Fukushima/Tokyo, Mar 16: Radiation levels rose Wednesday in Japan’s Fukushima nuclear plant where a new fire broke out, forcing the government to withdraw emergency workers engaged in efforts to cool overheating reactors at the quake-stricken site as authorities scrambled hard to contain the spiralling atomic crisis.
Some 50 employees were believed to be working at the plant, 220 km north of Tokyo, to avert a meltdown when the radiation levels surged suddenly.
The government’s nuclear safety agency said the radiation levels briefly reached 10 millisievert per hour at the plant’s entrance at 10:40 am local time, but added that it was possibly due to radioactive substances emitted from the No. 2 reactor.
Authorities were also considering spraying boric acid by helicopters to prevent spent nuclear fuel rods at another troubled reactor, No.4, from reaching criticality again, restarting a chain reaction, Kyodo news agency reported.
Around 730 workers were evacuated from the site yesterday following hydrogen explosions at the reactors, according to Tokyo Electric Power Company (TEPCO), the operator of the plant.
The remaining employees at the Fukushima Daiichi plant were withdrawn today following the sudden rise in radiation levels, Chief Cabinet Secretary told a news briefing. The work was suspended temporarily at the plant, where an estimated 70 per cent of the nuclear fuel rods have been damaged at the No.1 reactor and 33 per cent at the No.2 reactor.
“Workers cannot carry out even minimal work at the plant now. Because of the radiation risk, we are on standby,” Edano said.
The cores of both reactors are believed to have partially melted with their cooling functions lost in the wake of Friday’s magnitude 9.0 earthquake and massive tsunami that have left over 11,000 people dead or unaccounted for.
At the No.2 reactor, the pressure-suppression chamber connected to its containment vessel was damaged following an explosion yesterday.
Earlier today, a fire broke out again at the No.4 reactor, which was already posing the risk of leaks of high-level radioactive material, but flames were no longer visible about 30 minutes later, according to TEPCO.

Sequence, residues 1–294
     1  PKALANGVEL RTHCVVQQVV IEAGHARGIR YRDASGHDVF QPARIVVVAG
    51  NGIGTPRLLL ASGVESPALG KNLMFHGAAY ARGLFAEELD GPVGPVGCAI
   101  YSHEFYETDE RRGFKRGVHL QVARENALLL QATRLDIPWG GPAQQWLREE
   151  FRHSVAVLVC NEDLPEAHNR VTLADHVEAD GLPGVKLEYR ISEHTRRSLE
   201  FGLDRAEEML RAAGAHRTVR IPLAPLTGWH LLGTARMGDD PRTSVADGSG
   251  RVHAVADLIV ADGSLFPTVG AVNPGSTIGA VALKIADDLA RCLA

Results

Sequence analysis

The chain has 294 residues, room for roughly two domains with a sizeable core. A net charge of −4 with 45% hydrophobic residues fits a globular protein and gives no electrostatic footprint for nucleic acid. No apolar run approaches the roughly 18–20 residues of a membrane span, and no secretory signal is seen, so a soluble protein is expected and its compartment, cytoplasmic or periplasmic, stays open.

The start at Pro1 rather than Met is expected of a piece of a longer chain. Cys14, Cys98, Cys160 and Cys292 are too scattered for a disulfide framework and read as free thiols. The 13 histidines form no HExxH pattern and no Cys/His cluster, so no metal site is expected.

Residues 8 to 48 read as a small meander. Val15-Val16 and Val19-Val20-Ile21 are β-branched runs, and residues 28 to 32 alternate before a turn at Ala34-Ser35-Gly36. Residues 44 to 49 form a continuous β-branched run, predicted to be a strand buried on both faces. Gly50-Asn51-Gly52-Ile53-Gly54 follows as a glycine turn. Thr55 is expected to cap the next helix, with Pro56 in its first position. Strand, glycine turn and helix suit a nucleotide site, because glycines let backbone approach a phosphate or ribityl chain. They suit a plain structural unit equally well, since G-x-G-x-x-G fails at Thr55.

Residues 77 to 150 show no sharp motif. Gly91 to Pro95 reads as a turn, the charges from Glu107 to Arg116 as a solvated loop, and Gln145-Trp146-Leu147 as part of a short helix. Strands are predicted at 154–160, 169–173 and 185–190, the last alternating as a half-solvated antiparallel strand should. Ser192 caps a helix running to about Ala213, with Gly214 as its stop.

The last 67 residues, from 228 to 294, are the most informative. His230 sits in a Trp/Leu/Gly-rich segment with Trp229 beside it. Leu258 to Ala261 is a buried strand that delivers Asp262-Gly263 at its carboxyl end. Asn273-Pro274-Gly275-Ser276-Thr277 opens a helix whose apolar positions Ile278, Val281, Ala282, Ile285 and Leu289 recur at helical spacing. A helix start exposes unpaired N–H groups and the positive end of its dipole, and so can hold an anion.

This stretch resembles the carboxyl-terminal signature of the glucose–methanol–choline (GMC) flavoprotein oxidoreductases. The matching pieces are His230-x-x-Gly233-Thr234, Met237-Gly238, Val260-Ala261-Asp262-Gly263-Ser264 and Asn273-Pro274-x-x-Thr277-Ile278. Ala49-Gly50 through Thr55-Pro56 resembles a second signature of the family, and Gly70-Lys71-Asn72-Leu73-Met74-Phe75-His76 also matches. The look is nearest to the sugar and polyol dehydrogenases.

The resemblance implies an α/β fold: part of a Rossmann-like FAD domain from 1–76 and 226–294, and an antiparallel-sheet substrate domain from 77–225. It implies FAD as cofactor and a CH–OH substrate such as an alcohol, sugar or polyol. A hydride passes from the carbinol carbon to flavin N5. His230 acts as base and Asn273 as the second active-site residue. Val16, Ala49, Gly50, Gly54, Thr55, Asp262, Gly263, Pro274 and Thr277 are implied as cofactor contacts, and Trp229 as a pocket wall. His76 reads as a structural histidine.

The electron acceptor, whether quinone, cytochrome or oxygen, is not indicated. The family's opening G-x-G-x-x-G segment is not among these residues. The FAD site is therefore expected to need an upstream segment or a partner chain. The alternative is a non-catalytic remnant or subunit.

The No.3 reactor was, however, drawing more attention after live TV footage of the plant showed white smoke coming out around 10 am local time, Kyodo reported.
“There is a possibility that the No.3 reactor’s containment vessel is damaged,” Edano said, indicating that radioactive steam may be spreading outside.
In a bid to cover an acute electricity shortage, TEPCO carried out rolling blackouts for the third consecutive day by cutting off electricity in the Tokyo vicinity.
JAPAN’S EMPEROR SPEAKS
In a rare address to nation, Japan’s Emperor Akihito said he was deeply concerned about the nuclear crisis.
“I am deeply concerned about the nuclear situation because it is unpredictable,” he said in the televised address. “With the help of those involved I hope things will not get worse.”
77-year-old Akihito called for an all-out rescue operation in the quake-ravaged region, while thanking all those involved in relief work, including foreign countries.
“We don’t know the number of victims, but I pray that every single person can be saved,” he said.
RESCUE OPERATIONS CONTINUE
Rescue operations were, meanwhile, continuing in the quake-hit region, with 80,000 Self-Defence Forces personnel and police officers being mobilised for the purpose.
Officials said over 11,000 people were killed or unaccounted for, with the National Police Agency confirming 3,676 deaths in 12 prefectures.
An estimated 7,843 people remained unaccounted for in six prefectures, the officials said, adding the death toll, however, is likely to climb.
However, BBC said that in the north-eastern town of Otsuchi alone, the fate of half of the population - around about 8,000 people - remains unknown.
Some 530,000 people have been staying in more than 2,600 shelters, prompting the severely-hit prefectural governments of Iwate, Miyagi and Fukushima to request Japan Prefabricated Construction Suppliers and Manufacturers Association to build 32,800 temporary housing in total, Kyodo said.
Many people rendered homeless following the quake are enduring snow and freezing temperatures.
Aftershocks also continued to rock Japan, with a strong quake with a preliminary magnitude of 6.0 jolting Tokyo and its vicinity today.
QUAKE COST $200 BN
The devastating earthquake and deepening nuclear crisis could result in losses of up to $200 billion for the world’s third largest economy but the global impact remains hard to gauge five days after a massive tsunami battered the northeast coast.
The disaster is expected to hit Japanese output sharply over the coming months, but economists warned it could result in a deeper slowdown. Most believe the direct economic hit will total between 10-16 trillion yen ($125-$200 billion).
Japanese stocks suffered their worst two-day rout since the 1987 crash on Monday and Tuesday, losing a whopping $626 billion in value, before rebounding 5.7 percent on Wednesday as hedge funds rushed to cover short positions.
The Bank of Japan has offered an additional 13.8 trillion yen (some USD 170 billion) to money markets, bringing to 55.6 trillion yen the total emergency funds made available by it to protect the nation’s banking system from the negative impact of the massive earthquake.
Lastupdate on : Wed, 16 Mar 2011 21:30:00 Makkah time
Lastupdate on : Wed, 16 Mar 2011 18:30:00 GMT
Lastupdate on : Thu, 17 Mar 2011 00:00:00 IST